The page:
Sphingidae (Hawk-moths)



Sphingidae, also known as hawkmoths, are a family of moths with about 1500 recognised species.

They are often quite slender and agile, and important  pollinators of flowers and excellent migrants. Often mistaken for hummingbirds, hawkmoths are able to hover in the air, and even capable of flying backwards.  While there are some non-feeding species, most hawkmoths rely on flower nectar as their main source of food. Typical are the “tails” on the back end of the caterpillar (a hook on top of the backside above the anal prolegs). They are able to travel large distances in high velocity. Agrius convovuli, a species that migrates all the way from Africa to Europe, can reach 100km/h in a short distance, and fly at an average of 50km/h over a long distance, which is remarkable. These species often pupate in the soil or in leaf litter, preferring to burrow themselves as larvae.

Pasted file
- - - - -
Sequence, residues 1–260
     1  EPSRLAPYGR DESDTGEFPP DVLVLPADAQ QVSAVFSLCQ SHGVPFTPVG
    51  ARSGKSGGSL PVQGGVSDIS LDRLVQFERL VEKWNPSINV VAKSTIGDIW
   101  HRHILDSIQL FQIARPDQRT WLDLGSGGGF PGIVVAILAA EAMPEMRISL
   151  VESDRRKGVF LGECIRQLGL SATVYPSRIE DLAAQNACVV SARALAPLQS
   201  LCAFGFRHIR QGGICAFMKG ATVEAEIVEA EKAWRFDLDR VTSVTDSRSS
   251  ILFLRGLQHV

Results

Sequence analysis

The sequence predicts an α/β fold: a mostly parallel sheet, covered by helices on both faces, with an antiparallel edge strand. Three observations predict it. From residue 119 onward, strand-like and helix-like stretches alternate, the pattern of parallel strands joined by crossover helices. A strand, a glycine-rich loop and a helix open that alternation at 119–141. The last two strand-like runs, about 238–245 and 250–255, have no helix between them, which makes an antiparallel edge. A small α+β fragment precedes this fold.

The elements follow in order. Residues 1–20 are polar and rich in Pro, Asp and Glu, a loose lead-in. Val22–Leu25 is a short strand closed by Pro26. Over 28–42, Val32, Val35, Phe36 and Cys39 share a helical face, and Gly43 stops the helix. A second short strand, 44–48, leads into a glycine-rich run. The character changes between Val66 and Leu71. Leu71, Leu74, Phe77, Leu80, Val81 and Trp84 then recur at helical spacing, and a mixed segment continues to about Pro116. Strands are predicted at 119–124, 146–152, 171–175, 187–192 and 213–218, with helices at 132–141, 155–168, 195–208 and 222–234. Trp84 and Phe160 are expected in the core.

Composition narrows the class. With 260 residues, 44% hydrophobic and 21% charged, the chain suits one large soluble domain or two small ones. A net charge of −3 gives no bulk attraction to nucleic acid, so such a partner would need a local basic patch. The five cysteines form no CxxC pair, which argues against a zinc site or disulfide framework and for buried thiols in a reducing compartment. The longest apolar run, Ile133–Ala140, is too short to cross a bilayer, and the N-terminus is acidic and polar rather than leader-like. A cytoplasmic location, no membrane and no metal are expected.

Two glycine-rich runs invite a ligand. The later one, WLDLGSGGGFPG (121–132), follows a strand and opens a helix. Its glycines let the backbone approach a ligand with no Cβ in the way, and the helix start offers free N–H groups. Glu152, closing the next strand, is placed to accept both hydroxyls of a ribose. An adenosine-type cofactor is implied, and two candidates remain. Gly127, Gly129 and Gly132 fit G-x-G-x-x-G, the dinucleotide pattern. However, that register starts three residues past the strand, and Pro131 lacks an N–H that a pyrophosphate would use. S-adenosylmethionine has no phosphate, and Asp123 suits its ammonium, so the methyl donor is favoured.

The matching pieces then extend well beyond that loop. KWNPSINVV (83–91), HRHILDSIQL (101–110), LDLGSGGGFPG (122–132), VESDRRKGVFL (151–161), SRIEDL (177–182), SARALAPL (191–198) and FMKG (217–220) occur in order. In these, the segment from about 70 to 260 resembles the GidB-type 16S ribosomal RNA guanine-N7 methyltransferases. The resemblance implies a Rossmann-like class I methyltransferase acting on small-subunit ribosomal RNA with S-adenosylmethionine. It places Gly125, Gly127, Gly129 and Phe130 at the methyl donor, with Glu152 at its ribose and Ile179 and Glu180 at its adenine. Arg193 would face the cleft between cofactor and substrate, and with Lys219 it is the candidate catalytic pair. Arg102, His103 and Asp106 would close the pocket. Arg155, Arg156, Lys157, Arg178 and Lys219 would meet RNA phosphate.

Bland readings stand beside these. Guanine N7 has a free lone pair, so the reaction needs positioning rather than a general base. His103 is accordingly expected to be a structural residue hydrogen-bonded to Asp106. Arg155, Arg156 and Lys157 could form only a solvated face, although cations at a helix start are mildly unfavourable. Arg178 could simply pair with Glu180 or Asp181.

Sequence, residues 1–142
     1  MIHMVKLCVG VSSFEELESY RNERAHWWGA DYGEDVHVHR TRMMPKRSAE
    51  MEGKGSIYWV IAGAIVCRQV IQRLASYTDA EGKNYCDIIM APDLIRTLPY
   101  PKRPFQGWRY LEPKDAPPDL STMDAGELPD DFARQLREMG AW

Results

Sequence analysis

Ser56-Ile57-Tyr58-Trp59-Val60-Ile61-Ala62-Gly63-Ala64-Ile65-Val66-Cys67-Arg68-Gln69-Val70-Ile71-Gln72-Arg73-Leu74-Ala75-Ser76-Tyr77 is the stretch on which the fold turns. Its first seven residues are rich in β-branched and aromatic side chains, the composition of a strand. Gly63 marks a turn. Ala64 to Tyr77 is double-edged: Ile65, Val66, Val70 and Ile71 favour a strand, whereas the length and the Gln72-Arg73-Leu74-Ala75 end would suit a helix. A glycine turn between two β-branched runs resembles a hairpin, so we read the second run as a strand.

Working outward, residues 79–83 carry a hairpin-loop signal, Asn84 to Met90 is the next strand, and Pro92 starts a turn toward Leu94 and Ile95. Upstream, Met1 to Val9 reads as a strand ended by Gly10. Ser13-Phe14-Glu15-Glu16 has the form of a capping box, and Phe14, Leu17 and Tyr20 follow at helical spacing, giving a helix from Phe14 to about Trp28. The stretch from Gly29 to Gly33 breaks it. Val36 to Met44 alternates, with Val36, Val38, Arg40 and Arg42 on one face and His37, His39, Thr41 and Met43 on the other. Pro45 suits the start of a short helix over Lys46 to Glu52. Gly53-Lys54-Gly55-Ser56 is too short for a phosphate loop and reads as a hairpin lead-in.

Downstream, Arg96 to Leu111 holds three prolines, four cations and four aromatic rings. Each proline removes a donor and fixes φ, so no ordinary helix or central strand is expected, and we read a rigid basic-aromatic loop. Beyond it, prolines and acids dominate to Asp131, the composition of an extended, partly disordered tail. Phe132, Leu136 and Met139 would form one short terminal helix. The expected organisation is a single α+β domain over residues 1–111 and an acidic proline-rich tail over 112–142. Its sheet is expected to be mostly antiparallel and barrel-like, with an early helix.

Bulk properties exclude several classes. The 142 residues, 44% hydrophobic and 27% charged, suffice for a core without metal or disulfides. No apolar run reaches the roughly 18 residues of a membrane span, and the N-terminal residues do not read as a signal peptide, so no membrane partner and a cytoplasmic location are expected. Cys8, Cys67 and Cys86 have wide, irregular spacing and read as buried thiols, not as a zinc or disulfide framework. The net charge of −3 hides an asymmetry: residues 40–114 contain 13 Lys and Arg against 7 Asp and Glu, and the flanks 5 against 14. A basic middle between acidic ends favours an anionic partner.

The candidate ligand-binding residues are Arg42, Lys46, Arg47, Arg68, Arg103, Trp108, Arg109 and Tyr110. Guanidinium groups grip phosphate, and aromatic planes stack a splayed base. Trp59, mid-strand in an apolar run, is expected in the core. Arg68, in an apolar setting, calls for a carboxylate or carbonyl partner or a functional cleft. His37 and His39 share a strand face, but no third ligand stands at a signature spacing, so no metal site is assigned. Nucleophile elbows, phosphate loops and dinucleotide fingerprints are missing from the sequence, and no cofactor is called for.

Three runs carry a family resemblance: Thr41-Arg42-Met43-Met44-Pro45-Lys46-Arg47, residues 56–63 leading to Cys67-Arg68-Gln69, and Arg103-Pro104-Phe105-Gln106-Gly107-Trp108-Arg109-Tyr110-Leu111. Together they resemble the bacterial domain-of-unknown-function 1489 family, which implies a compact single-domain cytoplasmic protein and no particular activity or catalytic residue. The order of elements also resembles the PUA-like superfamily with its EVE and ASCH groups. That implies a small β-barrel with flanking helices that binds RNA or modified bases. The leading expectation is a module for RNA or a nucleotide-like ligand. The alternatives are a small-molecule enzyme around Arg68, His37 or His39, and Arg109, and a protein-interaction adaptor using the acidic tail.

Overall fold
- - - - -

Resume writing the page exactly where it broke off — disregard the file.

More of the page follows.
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The aim of this website is to provide information about many species of moths and butterflies around the world, with a slight focus on rearing them in captivity.

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